19.9 C
Byron Shire
September 28, 2023

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Latest News

Families consider class action against Intrapac over cancelled Banyan Hill house and land contracts

Nearly fifty local Intrapac house and land buyers on the Northern Rivers may need to take Supreme Court action to avoid being short-changed and priced out of the region.

Other News

Paco Lara Duende flamenco

Bringing the soul and spirit of Spanish flamenco, the acclaimed Spanish flamenco guitarist Paco Lara will inspire and capture the imagination of Australian audiences with the release and launch of his new album Duende, a self-produced album of original compositions. 

Liberal councillors walk out during Tweed mayoral election

Yesterday Liberal councillors James Owen and Rhiannon Brinsmead walked out of the extraordinary Tweed Shire Council meeting in protest against the way the Mayor of Tweed Shire is elected. 

Rehab centre Buttery celebrates 50

Binna Burra-based rehab centre, The Buttery, celebrated 50 years of serving the community this year, and held a gala dinner for 150 supporters in Tweed Heads on September 14.

The Murdoch empire – out of the pot and into the other pot

The biggest news in ‘news’ today is that the biggest news content creator will see its leader stand down after more than 70 years – it is expected that Lachlan Murdoch will step into his father’s shoes as head of the Murdoch media behemoth from November.

Splendour found in the brass 

The sound of music has well and truly returned to our schools, following the eerie silence of the pandemic. 

Review on remote Indigenous Australians sheds light on the Voice to Parliament

As a white man living on Bundjalung Country, I acknowledge that it is not easy to make the cross-cultural shift from a Western paradigm lens to comprehend and appreciate the rich diversity and complexity of 65,000 years of Aboriginal and Torres Strait Islander Peoples’ sociocultural and spiritual history.

In my post-youth years, before I jiggered my shoulders, a great delight was beach fishing at sunup to bring home a feed of whiting for breakfast. If I wanted to know which way the fish were running, I’d ask an old bloke with a beanie and white bucket. I would not just give up and go home, nor would I ask the kids with the boogie boards. They might know the surf but not the fish.

The same goes for the coming referendum. Unless we had a pretty good schooling, many of us would not know what the Constitution is and how that affects our lives. Up until 1967, the Constitution treated Aboriginal people differently in some respects. That has changed. And the African nations supported Sydney’s bid for the Olympic Games because of the support for that referendum.

The coming referendum asks for an addition to the Constitution, not a change. The addition will ensure that consultation happens when a new law may have some effect on Indigenous heritage. Any decision that is made will be driven by what is the best outcome for us all, not just what some very angry and well-funded individual wants.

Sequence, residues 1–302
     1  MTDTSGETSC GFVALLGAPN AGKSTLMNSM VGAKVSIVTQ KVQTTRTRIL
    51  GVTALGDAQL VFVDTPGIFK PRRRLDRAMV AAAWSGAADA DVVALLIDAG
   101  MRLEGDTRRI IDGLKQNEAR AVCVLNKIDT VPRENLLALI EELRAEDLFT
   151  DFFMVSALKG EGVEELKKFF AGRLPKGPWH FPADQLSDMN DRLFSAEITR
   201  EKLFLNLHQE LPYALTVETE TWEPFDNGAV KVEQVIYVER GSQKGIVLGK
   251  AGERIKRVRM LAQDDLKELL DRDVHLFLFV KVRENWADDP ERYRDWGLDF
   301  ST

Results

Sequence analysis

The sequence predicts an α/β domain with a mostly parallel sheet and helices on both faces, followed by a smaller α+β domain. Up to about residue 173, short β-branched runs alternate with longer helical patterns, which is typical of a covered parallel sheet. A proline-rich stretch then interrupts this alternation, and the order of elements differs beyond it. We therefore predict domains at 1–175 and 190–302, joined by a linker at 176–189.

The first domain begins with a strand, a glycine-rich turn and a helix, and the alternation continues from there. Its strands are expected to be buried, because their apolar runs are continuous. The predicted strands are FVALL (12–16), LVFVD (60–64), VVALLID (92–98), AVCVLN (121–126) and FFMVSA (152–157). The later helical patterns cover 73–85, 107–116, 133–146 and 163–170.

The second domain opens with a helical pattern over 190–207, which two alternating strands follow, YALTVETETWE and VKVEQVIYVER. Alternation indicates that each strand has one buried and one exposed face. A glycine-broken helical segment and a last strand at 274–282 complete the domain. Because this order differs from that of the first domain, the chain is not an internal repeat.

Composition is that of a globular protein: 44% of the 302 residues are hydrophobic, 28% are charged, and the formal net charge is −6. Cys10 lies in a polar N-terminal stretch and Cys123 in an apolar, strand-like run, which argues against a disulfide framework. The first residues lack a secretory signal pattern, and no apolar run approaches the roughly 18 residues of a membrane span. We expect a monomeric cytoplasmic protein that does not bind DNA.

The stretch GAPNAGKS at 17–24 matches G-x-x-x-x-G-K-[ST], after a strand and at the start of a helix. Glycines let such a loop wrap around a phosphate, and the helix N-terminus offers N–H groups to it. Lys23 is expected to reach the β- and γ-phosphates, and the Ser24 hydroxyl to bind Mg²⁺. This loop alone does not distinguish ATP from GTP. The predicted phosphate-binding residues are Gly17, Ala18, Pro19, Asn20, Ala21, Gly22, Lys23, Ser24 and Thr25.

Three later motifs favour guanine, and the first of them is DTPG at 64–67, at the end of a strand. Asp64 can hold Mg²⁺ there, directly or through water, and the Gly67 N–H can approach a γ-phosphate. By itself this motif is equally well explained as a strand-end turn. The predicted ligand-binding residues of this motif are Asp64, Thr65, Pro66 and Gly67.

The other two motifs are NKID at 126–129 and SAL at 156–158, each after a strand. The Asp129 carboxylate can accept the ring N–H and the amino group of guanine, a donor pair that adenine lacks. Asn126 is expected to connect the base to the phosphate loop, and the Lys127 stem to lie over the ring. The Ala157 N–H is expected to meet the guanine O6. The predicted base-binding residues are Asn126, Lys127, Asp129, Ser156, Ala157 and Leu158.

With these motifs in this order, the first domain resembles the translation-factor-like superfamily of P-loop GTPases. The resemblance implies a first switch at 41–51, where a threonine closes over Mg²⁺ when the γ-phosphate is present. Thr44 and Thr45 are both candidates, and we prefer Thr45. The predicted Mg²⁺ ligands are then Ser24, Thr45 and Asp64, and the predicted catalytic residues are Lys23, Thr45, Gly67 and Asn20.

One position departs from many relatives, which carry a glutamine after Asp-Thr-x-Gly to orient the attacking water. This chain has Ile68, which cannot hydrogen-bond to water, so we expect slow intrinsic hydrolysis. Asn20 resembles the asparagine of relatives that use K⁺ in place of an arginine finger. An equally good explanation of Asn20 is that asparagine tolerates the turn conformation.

It is important that we feel okay about the addition, we don’t want more division in our society. Nothing wrong with not knowing, but it is a sign of a ‘slack arse’ who is not prepared to find out. Maybe ask one of those people wearing a ‘Yes’ badge.

I used to enjoy those grilled whiting!

John Davies,Mullumbimby

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  1. If you venerate the 1967 referendum because Aboriginals were treated different before it, why would you promote the 2023 referendum that is design to have Aboriginals be treated differently?

    • Because both are positive changes designed to rectify historical failures & create improvements to the health, wellbeing & futures of the most impoverished & neglected in the country, that only became that way through two centuries of neglect & inherently paternalistic & racist government policies.

      • I have no particular care for Aboriginals, but the idea of putting power seeking, money seeking activists in charge of them makes even the likes of me cringe.

  2. The whole thing is very fishy, who in their right mind would vote for something before knowing any pertinent information about what you are voting on. Come on Aussies, surely you are not that stupid.

    • No Greg, we’re definitely not that stupid to be side-tracked by these weak, deflective duplicitous attempts at derailing a genuine attempt at reconciling with First Nations Australians, you can bet on it.


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Heat the biggest climate change killer – Tweed Council takes action

Since 1890, heat and heat waves have killed more Australians than bushfires, cyclones, earthquakes, floods, and severe storms combined and Tweed Shire Council are looking at ways to future proof the shire through their DCP.

Former NSW Premier Bob Carr backs end to land clearing in NSW

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Crash following alleged pursuit – Murwillumbah

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Byron homeless hub forced to cut vital services

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